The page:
TV Tropics How To Avoid Mary Lawsuits

The deadly roar over their heads

A rational, enlightened human rights policy often encounters difficulties in view of the current human rights situation in the world: For whom should one stand up and how, without underestimating the complexity of a situation? How do you avoid being instrumentalized or receiving applause from those with whom you have nothing to do with? The law, especially international law, can provide orientation: It defines red lines that actors are not allowed to cross even if they claim to be a democratic constitutional state or to pursue humanitarian goals. The western states, especially the USA, have broken these legal requirements in the name of the fight against terrorism many times and in different places in the years since 2001 and no one has been able to legally stop them. In the Bush years, prisoners were systematically and massively tortured and ill-treated without these facts having been clarified and those affected having not been adequately compensated to this day. Most of all, President Obama has come under fire for the continued expansion of - well, more or less - targeted killings by drones.

A large part of the drone strikes hit Afghanistan and Pakistan, a region where armed conflict prevails and international humanitarian law allows a lot when it comes to the killing of combatants. This has exactly been the problem so far in those cases in which the German judiciary had to deal with drone attacks. In investigations into the killing of German citizens in Pakistan, the federal prosecutor's office in Karlsruhe had to examine whether the attacks carried out by the USA there violated German criminal law. In one case so far, the Attorney General came to the conclusion that this was not the case; the lawyers of the affected family and my organization have strongly criticized this. But other countries like Yemen, far away from these wars, are also the scene of drone attacks, whereby there is no possibility of justification under international law as in the case of Afghanistan / Pakistan.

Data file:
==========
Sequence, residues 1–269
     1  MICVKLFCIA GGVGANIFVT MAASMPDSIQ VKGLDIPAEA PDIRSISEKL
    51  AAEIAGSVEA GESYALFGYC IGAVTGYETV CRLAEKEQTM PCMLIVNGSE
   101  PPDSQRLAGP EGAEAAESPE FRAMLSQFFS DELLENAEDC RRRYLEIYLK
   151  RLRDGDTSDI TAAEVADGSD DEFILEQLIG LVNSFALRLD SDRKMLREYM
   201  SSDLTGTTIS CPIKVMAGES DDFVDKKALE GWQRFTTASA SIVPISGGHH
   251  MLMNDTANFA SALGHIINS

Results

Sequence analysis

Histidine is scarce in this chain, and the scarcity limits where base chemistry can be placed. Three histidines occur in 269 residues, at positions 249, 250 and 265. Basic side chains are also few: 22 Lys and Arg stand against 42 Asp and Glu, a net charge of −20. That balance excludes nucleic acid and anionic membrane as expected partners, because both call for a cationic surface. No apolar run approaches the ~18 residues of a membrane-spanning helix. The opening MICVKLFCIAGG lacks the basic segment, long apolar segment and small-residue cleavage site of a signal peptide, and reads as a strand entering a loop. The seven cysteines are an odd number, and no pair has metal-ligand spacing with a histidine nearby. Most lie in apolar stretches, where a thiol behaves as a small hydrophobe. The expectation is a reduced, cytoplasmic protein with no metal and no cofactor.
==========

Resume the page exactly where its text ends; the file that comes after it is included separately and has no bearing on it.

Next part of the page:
This is what the lawsuit that a Yemeni family has brought to the Cologne Administrative Court against the Federal Republic of Germany, represented by the Federal Ministry of Defense, is at stake. The family lives in the Hadramaut region, where drone attacks are regularly flown. Two relatives have already been killed and others are suffering from severe trauma. Everyone is worried about whether they are daring to go to the doctor in the next town or whether they are simply daring family celebrations because there is a risk of attack. The sound of drones circling over the region is known and feared - as in Pakistan - by now everyone, even small children. In the USA, those affected have hardly any opportunity to sue, so that the family, with the support of the British organization Reprieve and my Berlin center, the ECCHR, now goes to German courts. German courts because German territory is also used to prepare and carry out the attacks, namely the US military base in Ramstein. The federal government has so far failed to make clear statements, claiming that it does not really know the facts. Now she will be forced to deal with it in the administrative court proceedings. The court will hopefully urge the government to stop the illegal killings from German soil.

And yes: of course, given the dramatic situation in Iraq and Syria, we are thinking about taking action against the drone attacks right now. We understand that there are many other actors violating human rights in the Middle East. Nevertheless, we expect the Federal Government and the USA to accept the legal standards that they have created themselves, precisely because otherwise these would be completely eroded.

Wolfgang Kaleck is a Berlin lawyer and Secretary General of the European Center for Constitutional and Human Rights (ECCHR). In recent years Kaleck has dealt with human rights violations from Argentina to Abu Ghraib and Colombia to the Philippines; The NSA whistleblower Edward Snowden is currently one of his clients.